More than 90 percent of first floor business and retail space in downtown Salisbury was occupied when the audit was prepared. The current occupancy rate is not available because Downtown Salisbury Inc. does not have an executive director.
In 2013, downtown gained four businesses and saw six building renovations and 11 facade renovations. The city used a $290,000 state grant to transform North Lee Street with wider sidewalks, new street lights and landscaping.
The city’s total long-term debt in 2013 was $82 million, including $3.3 million in general obligation debt and $30.5 million in revenue bonds.
The city owes $38.5 million on various installment purchases.
The city’s long-term debt decreased by $3.7 million or 4.3 percent in 2013, and the city paid off $5.9 million of debt.
Last year, the city reached about 20 percent of its debt limit of $223 million. The city’s legal debt margin was $177 million.
Other details from the 2012-2013 audit:
• The city is saving more than $500,000 a year in staffing and equipment costs after Rowan County took over 911 emergency dispatch operations for the Salisbury Police Department.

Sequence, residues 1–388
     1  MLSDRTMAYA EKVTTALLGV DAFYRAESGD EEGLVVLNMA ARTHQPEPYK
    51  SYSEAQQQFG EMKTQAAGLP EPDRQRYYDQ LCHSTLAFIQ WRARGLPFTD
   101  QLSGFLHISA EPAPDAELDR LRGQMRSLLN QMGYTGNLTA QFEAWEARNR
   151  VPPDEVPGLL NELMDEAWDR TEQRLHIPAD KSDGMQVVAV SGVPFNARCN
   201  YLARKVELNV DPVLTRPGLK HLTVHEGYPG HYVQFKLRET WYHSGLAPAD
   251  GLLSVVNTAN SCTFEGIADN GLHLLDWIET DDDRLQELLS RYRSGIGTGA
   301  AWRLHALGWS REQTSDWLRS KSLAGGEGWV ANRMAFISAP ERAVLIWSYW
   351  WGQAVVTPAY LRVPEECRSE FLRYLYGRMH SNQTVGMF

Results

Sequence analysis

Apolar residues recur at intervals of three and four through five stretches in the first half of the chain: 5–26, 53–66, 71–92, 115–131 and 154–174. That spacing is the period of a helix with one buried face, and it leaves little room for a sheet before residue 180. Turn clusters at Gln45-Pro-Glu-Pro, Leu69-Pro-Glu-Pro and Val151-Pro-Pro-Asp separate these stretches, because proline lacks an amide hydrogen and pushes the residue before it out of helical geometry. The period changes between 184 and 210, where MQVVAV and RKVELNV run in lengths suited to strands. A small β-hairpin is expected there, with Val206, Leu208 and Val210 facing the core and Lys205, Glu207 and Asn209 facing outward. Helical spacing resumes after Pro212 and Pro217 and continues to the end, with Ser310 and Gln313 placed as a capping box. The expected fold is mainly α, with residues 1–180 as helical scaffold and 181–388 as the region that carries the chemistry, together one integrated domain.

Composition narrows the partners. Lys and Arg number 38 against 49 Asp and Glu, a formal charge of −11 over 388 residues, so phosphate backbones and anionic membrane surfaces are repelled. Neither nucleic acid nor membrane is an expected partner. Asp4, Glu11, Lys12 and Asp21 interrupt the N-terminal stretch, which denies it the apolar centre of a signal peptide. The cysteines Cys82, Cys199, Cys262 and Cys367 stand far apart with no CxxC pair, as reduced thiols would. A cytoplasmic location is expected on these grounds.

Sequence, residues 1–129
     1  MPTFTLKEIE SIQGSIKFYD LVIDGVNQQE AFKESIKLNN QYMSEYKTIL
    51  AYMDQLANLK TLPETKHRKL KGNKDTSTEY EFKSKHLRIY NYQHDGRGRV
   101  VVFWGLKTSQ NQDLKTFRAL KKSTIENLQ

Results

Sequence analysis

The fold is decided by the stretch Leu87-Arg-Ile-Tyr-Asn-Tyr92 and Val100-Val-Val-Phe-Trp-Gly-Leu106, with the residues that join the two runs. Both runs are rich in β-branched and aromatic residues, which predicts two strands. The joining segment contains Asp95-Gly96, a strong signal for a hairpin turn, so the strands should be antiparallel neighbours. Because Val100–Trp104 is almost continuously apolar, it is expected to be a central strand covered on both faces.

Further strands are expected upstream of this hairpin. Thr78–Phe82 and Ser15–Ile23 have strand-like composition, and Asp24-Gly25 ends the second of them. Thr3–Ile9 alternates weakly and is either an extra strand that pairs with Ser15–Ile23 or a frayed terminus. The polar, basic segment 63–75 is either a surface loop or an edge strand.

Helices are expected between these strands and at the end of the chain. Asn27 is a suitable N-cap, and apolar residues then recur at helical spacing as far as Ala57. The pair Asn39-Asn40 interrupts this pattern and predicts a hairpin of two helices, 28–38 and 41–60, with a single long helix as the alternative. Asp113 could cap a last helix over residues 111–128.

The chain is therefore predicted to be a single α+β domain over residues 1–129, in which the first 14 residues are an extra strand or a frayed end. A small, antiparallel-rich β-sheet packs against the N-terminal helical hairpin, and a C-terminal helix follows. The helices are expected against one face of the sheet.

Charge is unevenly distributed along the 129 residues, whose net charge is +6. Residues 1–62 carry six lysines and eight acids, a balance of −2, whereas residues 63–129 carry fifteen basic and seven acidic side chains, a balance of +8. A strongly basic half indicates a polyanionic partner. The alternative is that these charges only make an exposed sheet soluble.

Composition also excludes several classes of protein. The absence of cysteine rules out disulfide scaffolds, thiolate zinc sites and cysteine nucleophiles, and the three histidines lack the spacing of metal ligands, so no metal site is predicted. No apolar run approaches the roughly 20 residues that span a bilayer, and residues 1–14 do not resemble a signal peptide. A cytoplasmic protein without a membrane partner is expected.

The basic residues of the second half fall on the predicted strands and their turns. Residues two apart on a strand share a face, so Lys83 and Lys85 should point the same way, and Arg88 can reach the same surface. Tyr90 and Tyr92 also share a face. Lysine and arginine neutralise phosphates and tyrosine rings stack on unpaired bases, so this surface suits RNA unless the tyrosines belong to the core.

• The property tax collection rate increased to 95.96 percent, up from 95.31 percent.
• Property tax revenues were up $534,209 over the previous year due to growth and a tax rate increase of 2.39 cents.
• Sales tax revenues were up $777,373 from three years ago due to the improving local economy and new businesses in the city.
• The city collected $1 million more in service charges, due to the new stormwater fee and higher garbage fees.
• The city finished extending water and sewer lines to the Old Mocksville and Hawkinston Road area, the most recently annexation area, which cost $2.96 million.
There are still areas of the city that were forcibly annexed that do not have water and sewer service, Paris told the Post. He said the city no longer forces annexed residents to hook into the city’s water system but will extend services if requested.
• The average unemployment rate in Salisbury last year was 9.6 percent, down from 10.9 percent the prior year.
• Home sales in Rowan County increased 9.6 percent, the first increase during the past seven years, when sales fell 59 percent. The average home sale price, about $130,000, remained relatively stable but increased to $147,290 in April-June 2013.
Contact Emily Ford at 704-797-4264.